My goodness it seems as if the I-40 work has gone on forever and ever (amen!). 

I am beginning to believe, even in light of the uncertainty of so many things in life these days, that TxDOT has turned the corner on this massive lane-expansion project.

I happen to know for a fact that my former neighbors are anxious for an end to this highway madness.

Seeking a slowdown

By John Kanelis / johnkanelis_92@hotmail.com

Princeton City Councilman Mike Robertson wants to slow ‘em down along U.S. Highway 380. He professes patience as he works with his City Council colleagues and the Texas Department of Transportation.

However, given his own experience as the victim of a serious auto accident while he was living in Irving, it appears that his patience might have its limits.

Robertson is proposing to TxDOT to slow traffic to 40 mph along the entire highway thoroughfare as it bisects the city. The speed limits now vary, from 55 to 45 mph. Robertson says that’s too fast, given the incredible growth and the associated increase in traffic volume.

“When the speed limit is 60,” he said, “you have little chance of getting through a wreck without injury.”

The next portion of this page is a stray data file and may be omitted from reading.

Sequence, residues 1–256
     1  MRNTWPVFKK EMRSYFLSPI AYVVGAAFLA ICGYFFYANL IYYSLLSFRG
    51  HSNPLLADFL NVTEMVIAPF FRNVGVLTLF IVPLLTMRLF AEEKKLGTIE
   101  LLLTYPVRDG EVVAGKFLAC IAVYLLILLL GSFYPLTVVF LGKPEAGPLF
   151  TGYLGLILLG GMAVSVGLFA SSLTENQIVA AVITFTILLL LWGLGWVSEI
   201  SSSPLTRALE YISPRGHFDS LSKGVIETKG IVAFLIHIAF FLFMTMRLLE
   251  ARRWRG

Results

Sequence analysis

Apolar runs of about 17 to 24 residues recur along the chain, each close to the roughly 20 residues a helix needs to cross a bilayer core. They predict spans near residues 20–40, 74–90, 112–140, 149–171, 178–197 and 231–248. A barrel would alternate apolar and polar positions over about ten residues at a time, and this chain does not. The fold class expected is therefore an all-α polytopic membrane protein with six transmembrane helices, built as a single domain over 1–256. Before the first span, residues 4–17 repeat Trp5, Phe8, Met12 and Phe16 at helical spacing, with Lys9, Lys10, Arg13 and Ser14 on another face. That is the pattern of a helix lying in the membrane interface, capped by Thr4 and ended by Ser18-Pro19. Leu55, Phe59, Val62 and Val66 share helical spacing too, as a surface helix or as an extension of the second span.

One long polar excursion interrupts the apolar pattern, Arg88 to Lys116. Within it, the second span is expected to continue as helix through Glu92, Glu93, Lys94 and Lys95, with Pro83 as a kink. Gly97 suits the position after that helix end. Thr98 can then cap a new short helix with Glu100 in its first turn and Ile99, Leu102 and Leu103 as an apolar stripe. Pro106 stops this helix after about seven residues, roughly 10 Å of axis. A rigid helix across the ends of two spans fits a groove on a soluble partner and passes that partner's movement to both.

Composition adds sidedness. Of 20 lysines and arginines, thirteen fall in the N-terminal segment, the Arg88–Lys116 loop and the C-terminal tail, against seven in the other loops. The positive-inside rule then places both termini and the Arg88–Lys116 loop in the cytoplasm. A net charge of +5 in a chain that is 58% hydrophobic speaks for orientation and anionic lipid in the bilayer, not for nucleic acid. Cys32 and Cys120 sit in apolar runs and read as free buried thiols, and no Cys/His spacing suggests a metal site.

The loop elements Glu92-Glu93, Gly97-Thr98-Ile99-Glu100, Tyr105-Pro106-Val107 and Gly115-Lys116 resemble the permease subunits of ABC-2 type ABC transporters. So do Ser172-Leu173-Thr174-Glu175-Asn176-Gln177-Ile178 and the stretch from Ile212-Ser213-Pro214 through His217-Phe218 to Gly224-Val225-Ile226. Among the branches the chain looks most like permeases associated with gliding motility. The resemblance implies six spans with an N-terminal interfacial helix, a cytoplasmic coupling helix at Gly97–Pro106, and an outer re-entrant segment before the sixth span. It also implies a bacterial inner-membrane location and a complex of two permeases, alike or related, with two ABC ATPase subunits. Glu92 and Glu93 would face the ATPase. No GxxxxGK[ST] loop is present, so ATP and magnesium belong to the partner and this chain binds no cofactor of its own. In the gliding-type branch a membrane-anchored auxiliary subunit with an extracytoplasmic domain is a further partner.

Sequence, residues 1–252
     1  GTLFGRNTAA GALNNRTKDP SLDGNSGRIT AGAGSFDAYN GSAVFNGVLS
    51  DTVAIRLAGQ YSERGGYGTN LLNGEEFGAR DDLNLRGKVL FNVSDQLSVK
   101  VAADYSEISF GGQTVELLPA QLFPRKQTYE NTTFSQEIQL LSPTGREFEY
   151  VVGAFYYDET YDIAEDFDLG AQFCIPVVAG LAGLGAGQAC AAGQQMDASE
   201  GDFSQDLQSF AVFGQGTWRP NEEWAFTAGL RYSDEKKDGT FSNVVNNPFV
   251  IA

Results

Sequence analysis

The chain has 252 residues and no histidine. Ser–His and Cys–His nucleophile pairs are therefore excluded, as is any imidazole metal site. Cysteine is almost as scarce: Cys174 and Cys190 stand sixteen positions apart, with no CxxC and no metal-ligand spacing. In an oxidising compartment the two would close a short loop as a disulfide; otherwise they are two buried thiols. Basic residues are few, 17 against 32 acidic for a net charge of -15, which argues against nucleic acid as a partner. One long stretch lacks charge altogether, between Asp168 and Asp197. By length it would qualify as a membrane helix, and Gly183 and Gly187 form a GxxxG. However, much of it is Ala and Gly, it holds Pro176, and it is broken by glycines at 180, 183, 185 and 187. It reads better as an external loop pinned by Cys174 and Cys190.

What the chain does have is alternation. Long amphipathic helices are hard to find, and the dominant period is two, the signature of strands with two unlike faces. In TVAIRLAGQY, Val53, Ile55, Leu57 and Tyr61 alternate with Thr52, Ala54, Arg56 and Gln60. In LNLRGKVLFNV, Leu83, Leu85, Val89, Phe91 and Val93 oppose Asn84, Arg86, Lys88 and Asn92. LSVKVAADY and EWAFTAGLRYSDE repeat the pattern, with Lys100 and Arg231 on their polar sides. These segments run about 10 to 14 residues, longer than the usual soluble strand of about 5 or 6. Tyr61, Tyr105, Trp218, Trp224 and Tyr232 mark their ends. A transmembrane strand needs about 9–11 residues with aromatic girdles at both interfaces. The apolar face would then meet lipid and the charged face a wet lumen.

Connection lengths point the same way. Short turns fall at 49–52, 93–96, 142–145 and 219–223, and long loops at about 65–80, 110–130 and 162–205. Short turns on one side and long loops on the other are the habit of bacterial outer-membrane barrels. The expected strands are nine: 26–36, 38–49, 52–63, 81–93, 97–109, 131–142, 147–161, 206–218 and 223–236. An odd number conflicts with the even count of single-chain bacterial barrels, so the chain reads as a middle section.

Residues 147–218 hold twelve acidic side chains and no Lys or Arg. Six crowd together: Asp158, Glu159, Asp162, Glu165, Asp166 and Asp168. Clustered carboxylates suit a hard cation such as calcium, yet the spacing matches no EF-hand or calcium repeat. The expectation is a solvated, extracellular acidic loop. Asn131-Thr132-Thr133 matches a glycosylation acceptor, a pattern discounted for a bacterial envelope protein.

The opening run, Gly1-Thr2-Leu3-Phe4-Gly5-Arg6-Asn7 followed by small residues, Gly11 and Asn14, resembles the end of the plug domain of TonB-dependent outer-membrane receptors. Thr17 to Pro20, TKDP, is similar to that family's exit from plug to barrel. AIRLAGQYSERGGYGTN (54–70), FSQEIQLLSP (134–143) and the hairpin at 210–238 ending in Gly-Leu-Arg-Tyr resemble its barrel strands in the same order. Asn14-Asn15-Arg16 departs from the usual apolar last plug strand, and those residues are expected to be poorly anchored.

TxDOT must perform traffic studies before it decides whether to adjust the speed limits along any major thoroughfare. The city already has installed a new traffic signal at the intersection of 380 and Princeton Meadows near the city’s western boundary. Another signal is planned for the site next to the new municipal complex under construction closer to the eastern boundary along 380.

Once that project is complete, Robertson said, TxDOT will be able to conduct the requisite traffic studies to help the agency make its speed determination.

Robertson said he doesn’t drive much these days, as he works from home running a continuing education program for chiropractors; he no longer is a practicing chiropractor.

“The frequency and the number of speed-related accidents along the highway” are a great concern for the councilman. He said the Princeton Police Department responds daily to wrecks along the highway and expresses great concern about what the anticipated future growth of the city will do to the traffic volume.

Help is on the way, though, in the form of new thoroughfare construction planned for Princeton and for communities along the Highway 380 corridor. Robertson noted that TxDOT wants to build a 380 bypass that will divert through traffic to a thoroughfare north of the current highway. “The bypass eventually will relieve a lot of the traffic congestion,” Robertson said.

Moreover, the city plans to turn Myrick Avenue south of the highway into a second major east-west right-of-way.